Prof. Lasko received his PhD from the Massachusetts Institute of Technology in 1986 and joined McGill in 1990 after a postdoctoral period at the University of Cambridge. Using the Drosophila system, Dr. Lasko’s research concerns regulatory processes that control gene expression at the levels of mRNA stability or translation, and that underlie germ cell or early embryonic development. He received the Award of Excellence from the Canadian Society of Genetics in 2004. At McGill he served as Chair of the Department of Biology from 2000 -2010. He assumed his position at CIHR in May 2010 but maintains his research lab at McGill.

Dr. Lasko has been highly active in research grant adjudication and served on CIHR or Canadian Cancer Society grant panels continuously since 1995. He has also worked extensively for the Human Frontiers of Science Program Organization (HFSPO) over the past ten years, serving on its program grant panel from 2001-2005, and then as one of two Canadian representatives on the Council of Scientists. He chaired the HFSP Council of Scientists since 2007-2010. Dr. Lasko also served as President of the Genetics Society of Canada from 2007-2010. As Scientific Director, Dr. Lasko oversees the Institute’s strategic research funding initiatives, many of which involve fostering international partnerships.

Étienne Richer

Dr. Étienne Richer first joined McGill University as a postdoctoral scientist after receiving his PhD in Virology and Immunology. The research he conducted with Danielle Malo within the CIHR Team in Mutagenesis and Infectious Diseases allowed him to tackle research challenges in a multi-disciplinary environment. After successful development of the bacterial phenotyping platform developed during the pilot study phase, Dr. Richer was further involved in the expansion of this effort.

Seeking to expand his expertise in knowledge transfer and pharmacoeconomics, Dr. Richer then joined BioMedCom Consultants Inc. Working for the public, private and not-for-profit sectors during that period, he was involved in numerous projects covering a broad range of healthcare issues from neonatology to biologics therapies and reimbursement policies.

Dr. Richer returned to McGill University in 2011 as the Assistant Director for the CIHR Institute of Genetics. Dr. Richer has been fully involved in the strategic orientation of the institute, the development of its team and the delivery of its activities. While establishing tight links with the research community and supporting national networks, an international focus is also infused in these three sectors.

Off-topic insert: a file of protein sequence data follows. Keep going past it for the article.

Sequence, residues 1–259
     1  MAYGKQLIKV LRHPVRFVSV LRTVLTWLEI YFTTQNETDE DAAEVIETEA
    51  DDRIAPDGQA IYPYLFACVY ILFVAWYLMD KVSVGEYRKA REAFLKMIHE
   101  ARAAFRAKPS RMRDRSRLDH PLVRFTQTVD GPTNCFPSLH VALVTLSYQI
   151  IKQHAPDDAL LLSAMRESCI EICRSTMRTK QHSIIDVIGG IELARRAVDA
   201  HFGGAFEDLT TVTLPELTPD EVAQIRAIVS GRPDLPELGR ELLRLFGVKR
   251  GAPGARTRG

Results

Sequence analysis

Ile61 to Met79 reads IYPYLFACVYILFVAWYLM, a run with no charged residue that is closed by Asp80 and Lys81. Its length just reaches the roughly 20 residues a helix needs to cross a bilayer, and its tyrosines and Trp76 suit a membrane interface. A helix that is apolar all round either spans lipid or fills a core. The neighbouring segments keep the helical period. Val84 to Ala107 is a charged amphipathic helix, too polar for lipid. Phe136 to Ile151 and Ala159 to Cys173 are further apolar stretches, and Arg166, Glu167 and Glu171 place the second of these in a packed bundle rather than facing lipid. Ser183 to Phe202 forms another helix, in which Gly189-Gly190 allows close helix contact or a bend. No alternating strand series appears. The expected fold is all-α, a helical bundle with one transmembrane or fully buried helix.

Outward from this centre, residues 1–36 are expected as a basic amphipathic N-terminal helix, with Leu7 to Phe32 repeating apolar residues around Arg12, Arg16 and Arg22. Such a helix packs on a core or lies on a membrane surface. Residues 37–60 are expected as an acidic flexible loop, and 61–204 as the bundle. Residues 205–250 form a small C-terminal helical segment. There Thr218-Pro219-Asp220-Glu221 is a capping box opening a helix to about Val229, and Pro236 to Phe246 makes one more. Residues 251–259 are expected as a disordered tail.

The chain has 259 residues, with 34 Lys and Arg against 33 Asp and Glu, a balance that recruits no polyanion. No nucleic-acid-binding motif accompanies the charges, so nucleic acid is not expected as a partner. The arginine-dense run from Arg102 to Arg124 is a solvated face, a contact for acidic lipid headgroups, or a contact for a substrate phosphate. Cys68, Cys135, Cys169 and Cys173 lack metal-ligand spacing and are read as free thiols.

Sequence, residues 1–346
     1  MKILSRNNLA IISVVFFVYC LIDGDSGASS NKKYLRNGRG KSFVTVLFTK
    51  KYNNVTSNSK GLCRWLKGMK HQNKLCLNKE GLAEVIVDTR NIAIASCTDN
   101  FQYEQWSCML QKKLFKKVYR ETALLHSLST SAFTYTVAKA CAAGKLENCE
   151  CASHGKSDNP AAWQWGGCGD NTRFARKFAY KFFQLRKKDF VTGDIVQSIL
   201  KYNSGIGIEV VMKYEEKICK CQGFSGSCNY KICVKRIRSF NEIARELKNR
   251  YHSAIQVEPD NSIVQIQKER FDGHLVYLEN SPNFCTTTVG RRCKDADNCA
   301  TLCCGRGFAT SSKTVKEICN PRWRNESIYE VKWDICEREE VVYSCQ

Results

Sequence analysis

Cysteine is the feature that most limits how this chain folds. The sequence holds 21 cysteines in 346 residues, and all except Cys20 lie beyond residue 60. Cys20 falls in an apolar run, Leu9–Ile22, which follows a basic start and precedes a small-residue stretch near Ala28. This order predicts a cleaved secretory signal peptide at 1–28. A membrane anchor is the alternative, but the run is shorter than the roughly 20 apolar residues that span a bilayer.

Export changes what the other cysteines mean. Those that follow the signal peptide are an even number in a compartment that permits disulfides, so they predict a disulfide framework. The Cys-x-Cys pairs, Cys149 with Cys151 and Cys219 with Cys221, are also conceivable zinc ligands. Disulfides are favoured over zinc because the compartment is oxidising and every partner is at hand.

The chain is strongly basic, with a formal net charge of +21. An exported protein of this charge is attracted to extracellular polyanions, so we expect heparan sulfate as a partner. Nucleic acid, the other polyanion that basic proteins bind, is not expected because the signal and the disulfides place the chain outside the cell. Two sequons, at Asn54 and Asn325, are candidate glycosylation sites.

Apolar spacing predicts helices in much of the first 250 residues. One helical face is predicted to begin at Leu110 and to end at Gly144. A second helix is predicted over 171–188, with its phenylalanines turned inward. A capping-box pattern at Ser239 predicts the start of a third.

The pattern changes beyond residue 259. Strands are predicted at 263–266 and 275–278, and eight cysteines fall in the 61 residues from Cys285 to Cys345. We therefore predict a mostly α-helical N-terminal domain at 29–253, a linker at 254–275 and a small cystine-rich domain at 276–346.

Erwin Schurr

Erwin Schurr obtained his Ph.D. from the Institute of Biophysics and Radiation Biology at the Albert-Ludwigs University in Freiburg/Br, Germany. He then did his postdoctoral studies in molecular genetics with E. Skamene and P. Gros at McGill University. In 1991, he joined the McGill Centre for the Study of Host Resistance and the Faculty of Medicine at McGill as Assistant Professor. He is a James McGill Professor of Human Genetics and Medicine at McGill University, and a member of the Research Institute of the McGill University Health Centre. His main research interest is the identification of host genetic factors predisposing to tuberculosis and leprosy; research that is supported by both national and international funding agencies. He has published extensively on the identification of genetic host susceptibility factors in both leprosy and tuberculosis. He has established field sites in several endemic countries for genetic epidemiological studies of tuberculosis and leprosy and is involved in projects aiming to develop effective low cost tools for the control of both diseases. His current research focus is on the identification of the genetic variants that confer resistance to infection with Mycobacterium tuberculosis, and the use of genetic findings to instruct public health policy.

Tracy Zeisberger